• Inquiries were fielded throughout the year from farmers, media (radio, TV, newspaper, periodicals), and consumers. All were interested in standard varieties of turkey, though the area of interest and the depth of information requested varied. Significant on-going advise, council, and moral support has been provided to breeders as they struggle with the challenges associated with being on the leading edge of a new and appealing enterprise, in the context of a highly industrialized agricultural and competitive market environment. The lack of an infrastructure, specifically processing, that is independent of corporately held systems threatens to undermine producers at every turn. Growers in Kansas and North Carolina are exploring cooperative models to meet their urgent need. Constraints due to processing alone could undermine this emerging market, and farmers slow return to diversified livestock, poultry and crop farms.

    January 2005 “Heritage Turkeys” defined. “Heritage turkey” has become the market identity for standard turkeys. Unfortunately, some producers have sold Broad Breasted turkeys, or crosses thereof, as “heritage,” getting premium dollar for their inauthentic product. Through the leadership of Frank Reese, a definition for heritage turkeys was developed that appears to have stopped this practice. It has also educated consumers. Heritage turkeys are defined as having long productive lives (5-7 years for hens, 2-3 years for toms), slow rate of growth (reaching market weight in 26-28 weeks), and reproducing through natural mating with a 70% or greater fertility rate. This definition has been embraced by the National Turkey Federation.

    April 2005 ALBC awarded a Professional Development Grant from SSARE to develop a series of pamphlets and educational programming for humane, range-based production of standard turkeys. The pamphlets are currently being written.

    July 2005 9th Continental Bioregional Congress, Black Mountain, NC Don Bixby was an invited speaker, providing information about integrating turkeys and other poultry and livestock in to an environmentally balanced agriculture.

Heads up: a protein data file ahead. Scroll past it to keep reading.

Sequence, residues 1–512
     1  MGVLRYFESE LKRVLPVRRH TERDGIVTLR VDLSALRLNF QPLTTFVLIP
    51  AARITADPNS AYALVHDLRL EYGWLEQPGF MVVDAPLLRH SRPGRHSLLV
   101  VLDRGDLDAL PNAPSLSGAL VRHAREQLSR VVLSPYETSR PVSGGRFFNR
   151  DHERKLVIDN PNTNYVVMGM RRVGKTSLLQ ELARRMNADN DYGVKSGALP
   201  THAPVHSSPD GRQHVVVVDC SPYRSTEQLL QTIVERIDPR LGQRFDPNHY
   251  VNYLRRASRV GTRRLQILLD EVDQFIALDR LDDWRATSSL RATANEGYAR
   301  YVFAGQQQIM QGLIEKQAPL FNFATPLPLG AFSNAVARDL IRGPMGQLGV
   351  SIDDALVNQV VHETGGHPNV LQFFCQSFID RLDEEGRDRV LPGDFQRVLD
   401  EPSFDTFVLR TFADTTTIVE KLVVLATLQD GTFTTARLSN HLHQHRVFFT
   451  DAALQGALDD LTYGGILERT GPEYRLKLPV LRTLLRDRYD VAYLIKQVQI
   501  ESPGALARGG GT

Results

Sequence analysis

July 2005 American Society of Animal Scientists, Cincinnati, OH Don Bixby represented the ALBC at the annual meeting of the species committees of the USDA-National Animal Germplasm Program. The poultry committee held significant dialog on characterizing turkey genetics as well as the research needed for the preservation of turkey genetic materials.

    September 2005 Seeds and Breeds Conference, Ames, IA This conference was convened to develop a position statement for the upcoming farm bill. The goal is that the farm bill would include increased public support for the development of improved crops and livestock for feeding an increasing global population faced with a changing market, limited resources and environmental factors. Don Bixby was invited to present the issues of genetic characterization and conservation.

    October 2005 Pastured Poultry PDP Workshop, Perryville, AR. Marjorie Bender attended this educational event by invitation, serving as a resource person for pasture turkey production and genetic conservation.

    November 2005 ALBC Annual Conference, Greeley and Fort Collins, CO. Several varieties of standard turkeys were on display at the conference. Standard turkeys were served at the awards banquet. The keynote speaker was Dr. Vincent Amanor-Boadu, an assistant professor of Agricultural Economics at Kansas State University. He has advised the nation’s largest standard turkey producer, Frank Reese, in the marketing and branding of his product. In his typical charismatic manner, he shared his perspectives on niche marketing, punctuating it with many turkey examples.

    November 2005 ALBC Special Event at Ayrshire Farm, Upperville, VA. Approximately 70 people gathered to celebrate rare breeds of livestock and poultry through creative cuisine, understanding that “we have to eat them to save them.” A fast-emerging trend in food consumption is the eating of rare and hard to find foods that have been sustainably raised. Epicureans are finding that meat flavor and texture varies by breed. This event demonstrated the wonderful and complex flavors represented in rare breeds of livestock and poultry. Standard varieties of turkeys are quickly being discovered for the rich flavor they bring to the table.